It wasn't too long after Beyond Her was born that I started hearing the phrase "indie design." I was grateful, because I'd been wondering how to describe my new community. This seemed to sum it up: like indie films, indie design existed outside of the normal go-to-market channels. Most of us struggled to find suppliers, materials, and supporting artisans that could help our companies grow.
Over the years that has changed. More and more "makers" have emerged, making more and more interesting creative products.
As with Beyond Her, some of the items are not precisely "hand-made," but there is a distinct design, a story behind the manufacturing process, and a vision that people intrinsically seem to appreciate.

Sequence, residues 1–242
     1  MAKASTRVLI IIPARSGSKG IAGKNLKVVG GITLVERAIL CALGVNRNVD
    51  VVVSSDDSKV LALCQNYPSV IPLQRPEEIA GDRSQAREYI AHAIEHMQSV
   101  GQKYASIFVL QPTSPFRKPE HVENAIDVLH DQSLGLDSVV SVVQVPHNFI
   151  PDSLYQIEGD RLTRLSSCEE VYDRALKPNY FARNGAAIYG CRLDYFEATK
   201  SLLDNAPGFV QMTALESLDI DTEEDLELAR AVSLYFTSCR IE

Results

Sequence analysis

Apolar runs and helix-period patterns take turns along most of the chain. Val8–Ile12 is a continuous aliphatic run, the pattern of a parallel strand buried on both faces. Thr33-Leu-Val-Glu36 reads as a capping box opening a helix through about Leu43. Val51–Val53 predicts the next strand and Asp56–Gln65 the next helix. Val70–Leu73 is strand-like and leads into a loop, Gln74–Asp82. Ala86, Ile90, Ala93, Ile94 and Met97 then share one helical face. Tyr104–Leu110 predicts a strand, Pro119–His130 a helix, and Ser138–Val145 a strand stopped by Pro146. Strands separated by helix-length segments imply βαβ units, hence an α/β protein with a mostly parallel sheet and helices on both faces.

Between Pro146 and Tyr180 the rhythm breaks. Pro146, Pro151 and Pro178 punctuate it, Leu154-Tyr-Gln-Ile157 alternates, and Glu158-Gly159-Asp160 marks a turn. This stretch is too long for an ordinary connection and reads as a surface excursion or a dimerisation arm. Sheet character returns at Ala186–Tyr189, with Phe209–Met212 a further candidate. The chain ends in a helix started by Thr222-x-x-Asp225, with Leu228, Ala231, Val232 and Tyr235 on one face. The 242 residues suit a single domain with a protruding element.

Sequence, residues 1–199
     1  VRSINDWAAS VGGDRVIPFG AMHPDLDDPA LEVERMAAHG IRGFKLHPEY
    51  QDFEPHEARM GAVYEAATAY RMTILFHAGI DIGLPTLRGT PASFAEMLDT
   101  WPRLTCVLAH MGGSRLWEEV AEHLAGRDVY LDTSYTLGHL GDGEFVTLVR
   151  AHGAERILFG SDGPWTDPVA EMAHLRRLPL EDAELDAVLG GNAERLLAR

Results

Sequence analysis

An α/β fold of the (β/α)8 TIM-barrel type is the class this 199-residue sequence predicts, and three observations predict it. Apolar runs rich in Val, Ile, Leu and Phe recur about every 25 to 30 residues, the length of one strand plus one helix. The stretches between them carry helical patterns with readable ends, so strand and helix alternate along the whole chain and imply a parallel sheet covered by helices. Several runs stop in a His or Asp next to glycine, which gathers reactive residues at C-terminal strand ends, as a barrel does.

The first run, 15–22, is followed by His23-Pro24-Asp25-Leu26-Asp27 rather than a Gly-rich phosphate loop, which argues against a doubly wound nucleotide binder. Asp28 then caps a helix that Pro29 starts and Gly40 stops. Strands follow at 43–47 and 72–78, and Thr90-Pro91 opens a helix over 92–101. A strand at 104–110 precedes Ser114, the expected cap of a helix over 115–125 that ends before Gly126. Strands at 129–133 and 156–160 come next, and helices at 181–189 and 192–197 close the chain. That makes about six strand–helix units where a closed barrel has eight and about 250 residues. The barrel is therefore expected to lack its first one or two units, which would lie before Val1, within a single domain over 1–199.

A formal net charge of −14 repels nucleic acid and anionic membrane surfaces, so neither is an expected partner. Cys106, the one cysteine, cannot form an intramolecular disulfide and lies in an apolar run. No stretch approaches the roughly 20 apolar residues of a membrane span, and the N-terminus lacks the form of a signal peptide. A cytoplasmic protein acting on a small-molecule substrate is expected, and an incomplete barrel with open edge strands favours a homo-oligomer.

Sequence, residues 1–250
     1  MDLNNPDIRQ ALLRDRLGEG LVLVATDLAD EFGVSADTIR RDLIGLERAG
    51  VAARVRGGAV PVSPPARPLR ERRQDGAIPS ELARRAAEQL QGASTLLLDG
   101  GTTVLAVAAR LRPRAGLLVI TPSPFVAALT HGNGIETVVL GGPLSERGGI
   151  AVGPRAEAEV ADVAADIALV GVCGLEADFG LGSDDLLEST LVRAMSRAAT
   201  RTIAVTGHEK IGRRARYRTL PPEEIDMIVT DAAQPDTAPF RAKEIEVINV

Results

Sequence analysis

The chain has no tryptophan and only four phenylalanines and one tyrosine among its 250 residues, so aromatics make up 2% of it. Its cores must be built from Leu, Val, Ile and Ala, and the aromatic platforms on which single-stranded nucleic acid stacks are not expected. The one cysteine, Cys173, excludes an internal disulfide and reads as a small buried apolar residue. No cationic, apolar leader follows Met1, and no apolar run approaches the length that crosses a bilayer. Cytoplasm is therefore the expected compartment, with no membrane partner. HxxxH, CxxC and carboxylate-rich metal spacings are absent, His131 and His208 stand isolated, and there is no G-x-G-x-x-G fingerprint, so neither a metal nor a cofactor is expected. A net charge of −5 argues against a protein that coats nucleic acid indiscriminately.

Show & Tell
If you are an artisan today, you have lots of options in terms of getting your products in front of viewers. Are they effective? Let's just say that Etsy, the hands-down winner of online handmade portals, sold $100.9 million of goods were sold (after refunds and cancellations) in July alone. That's a lot of DIY!
So I was happy to read this recent article in Forbes magazine. "How the Maker Movement is Reinventing Retail" discusses the growth of Etsy, but also the effect of companies like Shapeways, an online 3D printer that allows anyone to cheaply manufacture their own designs, either to sell or for their own personal use
Here's what this means to me: In an odd sort of way, we are going through another industrial revolution. We are using machines, not to stamp out millions of identical products, but to add diversity and choices, as opposed to just accepting what giant retailers tell us we should like.
So. even for indie designers, technology has paid off, big time. And creativity is a democracy.
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